Are energy bars nutritious? Sure, energy bars, also known as nutrition bars, are convenient, but there are plenty of other convenient—and healthy—foods. After all, "How inconvenient is an organic apple and some nuts?" asks Ashley Koff, RD, the author of Mom Energy (Hay House, 2011). "The difference in calories and nutrients can be significant. The organic apple and nuts supply fiber, vitamins, minerals, and phytonutrients that you may not get in most bars—and many bars provide more calories."

A Quintessential Processed Food

The main problem with bars is that they're highly processed, and contain a lot more calories than you'd find in whole foods. Even fortified with vitamins and minerals, an energy bar's nutritional profile can be similar to that of a few cookies or a candy bar. Keep in mind that many bars:

  • Are high in carbs, but low in protein. The carbohydrate content in most brands is usually two to four servings and contains minimal protein.
  • Are high on the glycemic index. The glycemic index measures how quickly an item will increase your blood sugar. Many bars adversely affect blood sugar—despite the lack of added sugar. The concentration of dried fruit in the bar is usually to blame.
  • Don't provide satiety, or the feeling of fullness. If you eat a bar in a few quick bites, your brain may not register your food intake, leaving you wanting more. Koff recommends combining the bar with a veggie salad, or an organic green juice to help your mouth and brain register a feeling of satisfaction.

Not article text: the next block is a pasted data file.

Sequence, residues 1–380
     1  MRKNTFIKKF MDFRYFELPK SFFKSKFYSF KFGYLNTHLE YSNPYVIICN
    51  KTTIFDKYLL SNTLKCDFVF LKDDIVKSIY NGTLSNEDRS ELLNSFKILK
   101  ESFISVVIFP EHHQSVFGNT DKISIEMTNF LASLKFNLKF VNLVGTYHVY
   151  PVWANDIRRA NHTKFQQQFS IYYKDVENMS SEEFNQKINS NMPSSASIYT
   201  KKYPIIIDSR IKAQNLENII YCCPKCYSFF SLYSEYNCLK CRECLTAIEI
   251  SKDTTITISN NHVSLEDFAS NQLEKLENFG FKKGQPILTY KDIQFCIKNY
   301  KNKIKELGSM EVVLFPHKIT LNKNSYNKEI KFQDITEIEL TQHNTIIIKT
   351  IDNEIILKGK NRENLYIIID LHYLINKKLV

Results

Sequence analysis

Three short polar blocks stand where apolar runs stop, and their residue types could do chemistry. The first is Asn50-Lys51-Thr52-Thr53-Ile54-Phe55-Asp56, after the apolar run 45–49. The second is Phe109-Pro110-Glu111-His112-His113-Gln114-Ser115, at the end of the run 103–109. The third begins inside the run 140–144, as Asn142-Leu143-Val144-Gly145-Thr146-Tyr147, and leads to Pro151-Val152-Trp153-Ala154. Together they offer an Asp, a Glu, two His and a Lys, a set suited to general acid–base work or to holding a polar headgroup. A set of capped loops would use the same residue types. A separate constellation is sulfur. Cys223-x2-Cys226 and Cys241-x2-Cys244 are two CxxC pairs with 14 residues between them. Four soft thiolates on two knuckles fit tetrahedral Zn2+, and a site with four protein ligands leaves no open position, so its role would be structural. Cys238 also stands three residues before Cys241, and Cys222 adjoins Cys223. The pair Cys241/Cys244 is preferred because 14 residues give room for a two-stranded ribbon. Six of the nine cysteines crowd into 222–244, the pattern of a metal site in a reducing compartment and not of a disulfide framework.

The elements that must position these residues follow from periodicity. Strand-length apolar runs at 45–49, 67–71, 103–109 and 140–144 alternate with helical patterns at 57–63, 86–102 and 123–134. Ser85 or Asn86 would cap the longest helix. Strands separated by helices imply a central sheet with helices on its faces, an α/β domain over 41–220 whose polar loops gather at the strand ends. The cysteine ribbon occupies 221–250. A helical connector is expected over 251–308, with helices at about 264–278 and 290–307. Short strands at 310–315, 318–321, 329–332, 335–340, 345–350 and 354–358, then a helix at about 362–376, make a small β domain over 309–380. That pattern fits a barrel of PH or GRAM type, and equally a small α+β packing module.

• Contain the wrong soy protein. Many bars contain isolated soy protein—a highly processed food that's sounds healthy but isn't doing you any favors. The benefits of soy come from eating the whole, non-GMO (genetically modified organism) bean, says Koff. Eat the bean, and you get protein, fiber, antioxidants, and healthy fats.

The Good News About Energy Bars

Despite the downsides of energy bars, Koff says they do have use: when you're traveling, as a post-gym pick-up, or as a back-up plan for busy days, for example. But the whole food route is always a better option, she says. Some bars come much closer to delivering quality nutrients in their "almost whole food form."

Still want to stash an energy bar in your bag in order to avoid an afternoon trip to the vending machine for a candy bar? Koff recommends you choose a bar with balanced, quality nutrients. Look for:

  • Organic, non-GMO ingredients
  • 1 to 2 servings of carbohydrates (15 to 30 grams)
  • 1 serving of protein (15 grams)
  • 1 serving of fat (up to 10 grams), which should be from nuts, seeds or nut butters.

A bar with this balance of nutrients will not be too high in calories, and will give your body the nutrients it needs.

The following four brands offer bars that fit the bill. Find more approved options from Koff.

Clif Bar
These contain 70 percent organic ingredients. Koff likes the chocolate chip peanut crunch and the crunchy peanut butter varieties.

Each bar contains no more than nine whole food ingredients. Try the Chocolate Cherry Torte.

Gnu Food Flavor and Fiber Bars
These bars are high in fiber; both the banana walnut flavor and chocolate brownie contains 48 percent of the daily recommended amount of fiber.

Organic Square Bar
Non-GMO, gluten-, dairy-, soy-free, and yes, organic, these cocoa-covered bars come in almond, cocoa crunch, and coconut.

Ashley Koff, RD, reviewed this article.




Mom Energy (Hay House, 2011), by Ashley Koff, RD